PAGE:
Thursday, July 21, 2011

FIASCO Anyone?

So.... we FINALLY got around to trying FIASCO out last night.


There were four of us, Josh, Marty, and myself, who are veteran roleplayers, and Jen, who played D&D once and hated it but is taking improv classes currently. Even with learning how to play (I read the rules through twice beforehand), it took us just under three hours to complete a story, from beginning to end. And it was a DOOZY!

Here were some of the more interesting highlights of the game:
• Ecoterrorists selling weaponized algae to the Ruskies
• A bizarre love triangle between mother, father, daughter with an unexpected pregnancy
• One of the Ruskies killed with a pickaxe in the first act
• One of the characters burning half her face off and ending up in a morphine-induced stupor
• Three out of four main characters dying horrible deaths by the end of the story
• All of us enjoyed it immensely!

The rules as read, seem a bit weird at first, but in play they're dead simple:
Setup: Roll 2 white dice and 2 black dice per player (in this case, 16 total). "Spend" the dice to "buy" and qualify Relationships, Needs, Objects, and Locations. There is one Relationship between each player as they sit around the table (4 total) - so no characters, per se. With four players, there are two Needs, one Object, and one Location. Once the dice are spent, the players discuss who their characters are based on their Relationships (and Needs).
Act 1: The dice are returned to the center. Each player takes turns playing their character in a scene. They can choose to Establish the scene and have the rest of the group Resolve it, or choose to have the group Establish the scene so they can Resolve it themselves. Resolution is accomplished by grabbing one of the dice from the center and finishing the scene, white signifying a positive outcome of the scene, black signifying a negative outcome. The die is then given away to one of the players other than the one whose scene it is.
The Tilt: When half of the dice are gone, the players roll their gained dice, group totals into black and white, and subtract the lower from the higher. The person with the highest white score and the person with the highest black score roll the remaining dice from the center and "buy" and define two new complications, returning those dice back to the center.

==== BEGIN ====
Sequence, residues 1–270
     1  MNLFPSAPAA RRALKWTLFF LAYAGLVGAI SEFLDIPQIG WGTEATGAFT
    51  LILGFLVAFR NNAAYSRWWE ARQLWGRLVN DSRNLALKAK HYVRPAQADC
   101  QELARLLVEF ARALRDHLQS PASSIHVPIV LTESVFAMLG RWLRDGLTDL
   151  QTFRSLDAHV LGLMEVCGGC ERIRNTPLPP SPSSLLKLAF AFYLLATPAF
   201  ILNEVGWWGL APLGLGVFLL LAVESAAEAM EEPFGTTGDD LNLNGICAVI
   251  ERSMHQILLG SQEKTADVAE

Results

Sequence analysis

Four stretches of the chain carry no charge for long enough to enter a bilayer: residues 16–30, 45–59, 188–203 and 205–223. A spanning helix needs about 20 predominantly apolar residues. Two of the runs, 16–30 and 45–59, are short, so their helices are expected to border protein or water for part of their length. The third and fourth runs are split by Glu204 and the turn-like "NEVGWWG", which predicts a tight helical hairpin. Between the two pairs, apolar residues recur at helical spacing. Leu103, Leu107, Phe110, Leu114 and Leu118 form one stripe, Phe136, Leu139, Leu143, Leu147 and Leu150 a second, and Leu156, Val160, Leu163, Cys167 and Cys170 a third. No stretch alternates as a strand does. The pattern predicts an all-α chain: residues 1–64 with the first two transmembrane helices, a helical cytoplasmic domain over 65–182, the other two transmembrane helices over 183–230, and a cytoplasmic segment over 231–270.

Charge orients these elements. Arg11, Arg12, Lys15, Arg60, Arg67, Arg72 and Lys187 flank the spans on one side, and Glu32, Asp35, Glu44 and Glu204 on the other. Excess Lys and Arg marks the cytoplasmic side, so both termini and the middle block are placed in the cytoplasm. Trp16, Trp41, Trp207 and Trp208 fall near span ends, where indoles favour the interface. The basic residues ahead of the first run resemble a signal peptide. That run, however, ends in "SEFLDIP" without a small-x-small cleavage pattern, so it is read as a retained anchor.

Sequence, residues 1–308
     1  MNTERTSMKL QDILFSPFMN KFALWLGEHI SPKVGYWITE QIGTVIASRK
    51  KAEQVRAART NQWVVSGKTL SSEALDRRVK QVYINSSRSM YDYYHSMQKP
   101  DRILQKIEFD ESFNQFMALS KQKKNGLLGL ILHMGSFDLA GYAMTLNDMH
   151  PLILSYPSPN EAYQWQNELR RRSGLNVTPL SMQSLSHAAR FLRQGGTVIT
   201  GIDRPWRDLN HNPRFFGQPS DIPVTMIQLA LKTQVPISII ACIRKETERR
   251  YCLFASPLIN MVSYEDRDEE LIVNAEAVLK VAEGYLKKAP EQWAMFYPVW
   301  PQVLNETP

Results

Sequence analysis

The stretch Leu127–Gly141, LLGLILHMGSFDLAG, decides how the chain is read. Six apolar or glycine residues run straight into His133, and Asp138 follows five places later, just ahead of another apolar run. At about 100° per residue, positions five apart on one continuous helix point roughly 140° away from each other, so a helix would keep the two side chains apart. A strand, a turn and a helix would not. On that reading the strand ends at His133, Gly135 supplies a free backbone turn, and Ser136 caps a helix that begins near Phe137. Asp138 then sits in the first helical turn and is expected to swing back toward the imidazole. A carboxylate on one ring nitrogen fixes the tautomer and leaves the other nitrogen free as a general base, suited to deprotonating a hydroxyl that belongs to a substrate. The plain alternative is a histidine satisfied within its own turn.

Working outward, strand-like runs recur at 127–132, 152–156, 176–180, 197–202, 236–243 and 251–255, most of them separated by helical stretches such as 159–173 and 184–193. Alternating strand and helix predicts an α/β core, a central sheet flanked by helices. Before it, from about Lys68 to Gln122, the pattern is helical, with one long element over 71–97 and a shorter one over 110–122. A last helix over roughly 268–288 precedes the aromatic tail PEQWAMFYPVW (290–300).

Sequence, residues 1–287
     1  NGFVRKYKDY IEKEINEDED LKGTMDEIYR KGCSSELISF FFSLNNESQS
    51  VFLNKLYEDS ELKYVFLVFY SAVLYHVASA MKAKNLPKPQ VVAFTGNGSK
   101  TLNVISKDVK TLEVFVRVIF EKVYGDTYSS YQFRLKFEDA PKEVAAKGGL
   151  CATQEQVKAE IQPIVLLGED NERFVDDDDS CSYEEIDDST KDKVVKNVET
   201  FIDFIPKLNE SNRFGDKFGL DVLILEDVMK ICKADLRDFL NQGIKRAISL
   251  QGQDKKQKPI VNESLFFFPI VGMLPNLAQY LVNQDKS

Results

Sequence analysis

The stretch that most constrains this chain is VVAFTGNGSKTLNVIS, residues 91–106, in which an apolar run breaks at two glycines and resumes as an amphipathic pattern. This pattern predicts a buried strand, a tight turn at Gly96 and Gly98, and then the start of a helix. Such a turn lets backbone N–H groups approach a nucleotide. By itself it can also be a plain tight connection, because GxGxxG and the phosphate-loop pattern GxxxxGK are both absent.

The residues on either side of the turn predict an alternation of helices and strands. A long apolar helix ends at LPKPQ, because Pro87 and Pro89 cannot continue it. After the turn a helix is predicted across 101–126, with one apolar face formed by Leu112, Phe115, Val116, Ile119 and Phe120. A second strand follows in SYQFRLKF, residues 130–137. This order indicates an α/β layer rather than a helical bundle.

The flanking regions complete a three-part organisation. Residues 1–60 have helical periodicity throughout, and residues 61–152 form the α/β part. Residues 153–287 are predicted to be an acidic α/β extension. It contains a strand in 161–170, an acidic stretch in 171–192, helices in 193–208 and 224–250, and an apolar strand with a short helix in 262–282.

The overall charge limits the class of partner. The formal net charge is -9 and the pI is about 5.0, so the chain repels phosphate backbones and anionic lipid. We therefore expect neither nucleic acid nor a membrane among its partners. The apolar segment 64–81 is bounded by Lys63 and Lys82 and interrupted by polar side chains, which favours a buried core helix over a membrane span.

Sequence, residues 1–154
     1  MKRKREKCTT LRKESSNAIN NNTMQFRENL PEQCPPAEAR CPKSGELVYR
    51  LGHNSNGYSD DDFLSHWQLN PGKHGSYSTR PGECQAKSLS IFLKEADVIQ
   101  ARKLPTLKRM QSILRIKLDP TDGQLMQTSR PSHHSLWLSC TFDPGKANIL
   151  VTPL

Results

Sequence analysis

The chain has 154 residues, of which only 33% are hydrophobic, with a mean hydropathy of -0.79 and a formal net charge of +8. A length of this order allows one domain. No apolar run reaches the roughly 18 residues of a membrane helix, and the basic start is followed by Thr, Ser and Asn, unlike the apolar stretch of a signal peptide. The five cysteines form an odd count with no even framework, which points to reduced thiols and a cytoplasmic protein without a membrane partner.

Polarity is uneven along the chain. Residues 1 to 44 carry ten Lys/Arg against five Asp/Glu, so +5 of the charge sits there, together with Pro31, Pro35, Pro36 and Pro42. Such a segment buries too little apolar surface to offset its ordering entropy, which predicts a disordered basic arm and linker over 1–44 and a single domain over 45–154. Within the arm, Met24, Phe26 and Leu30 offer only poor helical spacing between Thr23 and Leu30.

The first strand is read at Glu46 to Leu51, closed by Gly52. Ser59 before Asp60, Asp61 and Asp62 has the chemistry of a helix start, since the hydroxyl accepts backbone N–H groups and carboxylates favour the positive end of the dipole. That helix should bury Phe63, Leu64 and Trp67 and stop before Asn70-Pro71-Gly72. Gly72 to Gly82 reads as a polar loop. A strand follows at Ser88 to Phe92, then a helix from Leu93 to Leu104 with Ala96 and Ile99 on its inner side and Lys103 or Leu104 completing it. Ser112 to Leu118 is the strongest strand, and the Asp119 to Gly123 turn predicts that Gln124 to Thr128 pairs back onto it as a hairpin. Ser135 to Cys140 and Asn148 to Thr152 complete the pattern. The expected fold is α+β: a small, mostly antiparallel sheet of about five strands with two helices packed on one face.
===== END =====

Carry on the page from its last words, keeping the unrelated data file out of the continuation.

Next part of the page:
Take a break: Discuss how the game is going, grab a drink, take a potty break.
Act 2: Second verse, same as the first. It plays exactly like the first act, except you now keep the Resolve dice. Try to bring in the complications from The Tilt.
The Aftermath: All the dice should be in the hands of the players. They roll them as in The Tilt, but now the white and black values determine what happens to their characters as the story crashes into the ground. Higher numbers are better (fame, fortune), lower numbers are worse (death, dismemberment). Then players then take turns describing what is happening to their characters at the end of the story in short vignettes, "burning" a die each time. Use the format, "This is [character name], [doing something]."
Like I said, easier to play than to read.

Two final thoughts:
1. Josh asked if he could run one of the scenes as a flashback. There was a resounding "Yes!" We like how flexible the game is to this kind of thing.
2. Marty said he would have gone to see it if it was a movie. He's in the process of writing it up. Hopefully I can post it here...

Too Many Tabbies

Google Chrome has become cumbersome with the number of tabs I have open. You know what this means? Link Dump!

Map of the Interior World

The Stainless Steel Rat Series


GMF20 Fire Wasp at Grey Matter Miniatures
Bolter and Chainsword (awesome bases)
Secret Weapon Miniatures (for bases and weathering materials)

Vacation Spots

ElementCase for iPhone 4